She is the sister of one of the first two cases identified in Florida, a Hillsborough County woman who traveled to Italy.
TALLAHASSEE — Gov. Ron DeSantis said Tuesday that a third coronavirus case has been positively identified in the state — a sister of one of the first two Florida residents confirmed to have the illness.
The Florida Department of Health said Sunday that Florida’s first two COVID-19 cases are a Manatee County man in his 60s and a Hillsborough County woman in her 20s who traveled to Italy.
The Hillsborough County woman’s sister has now tested positive as well. She also traveled to Italy and is a California resident, but is being isolated in Florida.
"She’s been in isolation since this all was identified," DeSantis said. "Again, that was something that was contemplated."
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The uptick in cases came as Florida ports, universities, school districts, hospitals, nursing homes and local governments began bracing for an expanded impact from the virus. Florida lawmakers also readied to shift extra dollars to state health officials.
"The concern is if you have a surge type of situation in a part of the state, we want to make sure we have enough personnel there to be able to help administer that," DeSantis said.
Because of the highly infectious nature of the coronavirus, a roommate of the Hillsborough County woman also is in isolation, the governor said.
The Manatee County man, who did not have a recent travel history, came into contact with several health care personnel as his illness emerged. They have since been tested, DeSantis said.
"We have not received a positive yet," DeSantis said about those tests.
The Manatee County resident is being treated at Doctors Hospital in Sarasota. He and the Hillsborough woman are reportedly in stable condition and being kept in isolation until they are medically clear.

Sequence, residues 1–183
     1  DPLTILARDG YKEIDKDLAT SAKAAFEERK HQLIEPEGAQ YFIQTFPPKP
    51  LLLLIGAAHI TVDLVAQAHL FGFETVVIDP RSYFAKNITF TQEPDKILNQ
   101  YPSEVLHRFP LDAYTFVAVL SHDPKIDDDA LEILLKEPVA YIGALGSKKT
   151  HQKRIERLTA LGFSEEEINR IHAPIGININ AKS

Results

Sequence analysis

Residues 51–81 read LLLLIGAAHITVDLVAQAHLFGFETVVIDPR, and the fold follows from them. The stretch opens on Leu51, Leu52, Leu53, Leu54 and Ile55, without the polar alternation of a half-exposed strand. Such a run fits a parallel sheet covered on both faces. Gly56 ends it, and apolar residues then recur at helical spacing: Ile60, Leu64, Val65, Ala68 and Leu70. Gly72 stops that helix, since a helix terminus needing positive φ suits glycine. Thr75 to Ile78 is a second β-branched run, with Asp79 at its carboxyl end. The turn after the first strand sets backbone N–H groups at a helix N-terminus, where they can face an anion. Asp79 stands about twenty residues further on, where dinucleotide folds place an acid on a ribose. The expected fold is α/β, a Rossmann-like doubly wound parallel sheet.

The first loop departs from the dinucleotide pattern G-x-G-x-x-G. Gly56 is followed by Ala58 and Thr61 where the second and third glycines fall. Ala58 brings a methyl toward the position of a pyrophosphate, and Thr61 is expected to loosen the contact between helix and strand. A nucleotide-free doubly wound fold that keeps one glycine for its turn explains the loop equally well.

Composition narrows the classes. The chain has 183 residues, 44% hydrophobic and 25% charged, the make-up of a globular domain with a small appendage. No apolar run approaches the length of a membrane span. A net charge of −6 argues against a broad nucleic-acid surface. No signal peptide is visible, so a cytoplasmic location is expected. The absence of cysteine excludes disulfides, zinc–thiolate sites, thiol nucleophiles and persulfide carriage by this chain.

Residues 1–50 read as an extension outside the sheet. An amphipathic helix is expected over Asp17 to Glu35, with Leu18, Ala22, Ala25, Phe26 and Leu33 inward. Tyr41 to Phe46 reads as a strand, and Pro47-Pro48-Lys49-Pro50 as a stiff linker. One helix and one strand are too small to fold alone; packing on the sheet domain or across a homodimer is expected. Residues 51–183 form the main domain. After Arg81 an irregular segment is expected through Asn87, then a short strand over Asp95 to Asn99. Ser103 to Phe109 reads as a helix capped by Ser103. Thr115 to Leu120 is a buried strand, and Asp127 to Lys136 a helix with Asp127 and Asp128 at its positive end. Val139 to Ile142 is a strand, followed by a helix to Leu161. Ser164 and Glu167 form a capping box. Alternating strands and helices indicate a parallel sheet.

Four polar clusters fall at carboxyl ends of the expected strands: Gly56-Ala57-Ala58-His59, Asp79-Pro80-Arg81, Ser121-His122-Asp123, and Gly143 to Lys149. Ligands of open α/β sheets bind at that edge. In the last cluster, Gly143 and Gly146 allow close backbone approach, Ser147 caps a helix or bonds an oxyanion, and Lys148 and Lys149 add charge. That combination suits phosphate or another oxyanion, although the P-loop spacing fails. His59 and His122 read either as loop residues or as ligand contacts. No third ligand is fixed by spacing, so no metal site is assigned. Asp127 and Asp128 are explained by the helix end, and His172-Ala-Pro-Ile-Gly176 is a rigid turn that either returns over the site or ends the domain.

Since DeSantis declared a public health emergency Sunday night after publicly announcing the state’s first two cases of the virus, state government has begun bracing for a much broader outbreak.
County school districts have issued health alerts for parents and students, universities and colleges have banned travel to countries where the virus has been present for weeks, and Florida U.S. Sen. Rick Scott has been pushing the Department of Homeland Security to increase health screenings at the state’s international airports.
Florida State University began exploring distance-learning options, in case of a campus shutdown. On Monday, FSU announced it has cancelled spring studies in Florence, Italy, and is shutting down its study center there next week.
Italy’s death toll from coronavirus reached 79 on Tuesday.
"FSU has great emergency plans for all kinds of emergencies, from hurricanes to power outages," said Sally McRorie, FSU’s provost and executive vice president for academic affairs.
"Luckily, we have a very good emergency plan for how to continue to teach our students via distance learning in the event that we must."
Florida seaports also expect to see a reduction in the $10 billion in Chinese imports they handle annually, mostly in Jacksonville, Miami, Tampa and Fort Lauderdale.
"I’m not sure I would use the word ‘standby,’ but there are things being put in place," said Doug Wheeler, president and CEO of the Florida Ports Council. "If this continues to progress as it has, I think you will start to see more and more of those plans come online."